• On Weiss on Records and on the Significance of Athletic Records

      Fraleigh, Warren; The College at Brockport (1972-01-01)
      Athletic records cannot provide complete insight into the nature of an athletic event. However, certainly they can provide at least some approximation of what happened, and that is enough to justify the significant interest that we take in athletic records.
    • On Weiss on Records, Athletic Activity, and the Athlete

      Schacht, Richard; University of Illinois (1972-01-01)
      Professor Weiss and I agree in denying that the end or goal of athletic activity can be adequately characterized in terms of setting records. However, we seem to disagree about the fundamental nature and goal of athletic activity. Professor Weiss’s athlete strikes me as a kind of fanatic, whose athletic activity excludes other goals and projects. By contrast, I would argue that the goal of athletic activity is the intrinsic enjoyment that one may derive from it, and this goal is perfectly compatible with having many other goals and projects in life.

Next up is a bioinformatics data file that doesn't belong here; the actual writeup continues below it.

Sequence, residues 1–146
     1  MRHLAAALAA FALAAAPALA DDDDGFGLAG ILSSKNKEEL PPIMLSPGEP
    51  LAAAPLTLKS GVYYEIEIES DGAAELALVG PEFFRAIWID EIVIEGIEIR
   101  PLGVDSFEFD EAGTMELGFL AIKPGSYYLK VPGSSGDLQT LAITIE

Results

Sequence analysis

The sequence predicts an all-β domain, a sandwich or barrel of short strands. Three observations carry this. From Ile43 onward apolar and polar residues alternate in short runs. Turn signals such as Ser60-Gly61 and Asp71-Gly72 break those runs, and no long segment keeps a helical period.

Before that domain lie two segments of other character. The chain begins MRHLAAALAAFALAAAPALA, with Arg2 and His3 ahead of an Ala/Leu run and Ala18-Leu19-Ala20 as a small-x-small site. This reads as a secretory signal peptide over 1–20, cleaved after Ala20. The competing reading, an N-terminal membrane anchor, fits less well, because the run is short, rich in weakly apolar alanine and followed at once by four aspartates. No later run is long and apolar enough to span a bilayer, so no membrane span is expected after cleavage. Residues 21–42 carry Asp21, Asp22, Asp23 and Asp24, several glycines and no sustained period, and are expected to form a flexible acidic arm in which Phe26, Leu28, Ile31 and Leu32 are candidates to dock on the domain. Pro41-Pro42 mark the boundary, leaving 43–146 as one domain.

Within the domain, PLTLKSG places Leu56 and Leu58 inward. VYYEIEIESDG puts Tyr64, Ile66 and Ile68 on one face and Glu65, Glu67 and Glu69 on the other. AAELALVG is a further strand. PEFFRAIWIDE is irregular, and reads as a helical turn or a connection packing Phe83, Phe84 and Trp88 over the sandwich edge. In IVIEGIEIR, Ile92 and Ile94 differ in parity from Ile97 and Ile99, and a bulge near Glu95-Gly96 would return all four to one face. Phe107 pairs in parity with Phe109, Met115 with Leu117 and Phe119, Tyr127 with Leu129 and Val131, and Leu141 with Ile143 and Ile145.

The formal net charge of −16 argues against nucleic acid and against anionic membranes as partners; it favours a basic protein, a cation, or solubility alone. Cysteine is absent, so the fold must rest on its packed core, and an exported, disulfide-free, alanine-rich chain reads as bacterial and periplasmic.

• One is not Born but Becomes a Person: The Importance of Philosophical Mothering

      Whiting, Jennifer; University of Toronto (2006-01-01)
      Annette Baier is my philosophical foremother. This paper examines Baier’s views on such topics as personal identity and philosophical methodology. It also examines the idea of motherhood, and the various forms that it takes.
    • Ontological Possibilties: Sport as Play

      Kretchmar, Scott; The College at Brockport (1972-01-01)
      It is often thought that sport is highly incompatible with play, since the competitiveness of sport requires a degree of seriousness and commitment that are at odds with the freedom of play. However, this paper will argue that the competitive fullness of sport is compatible with play, even if not perfectly coextensive with it.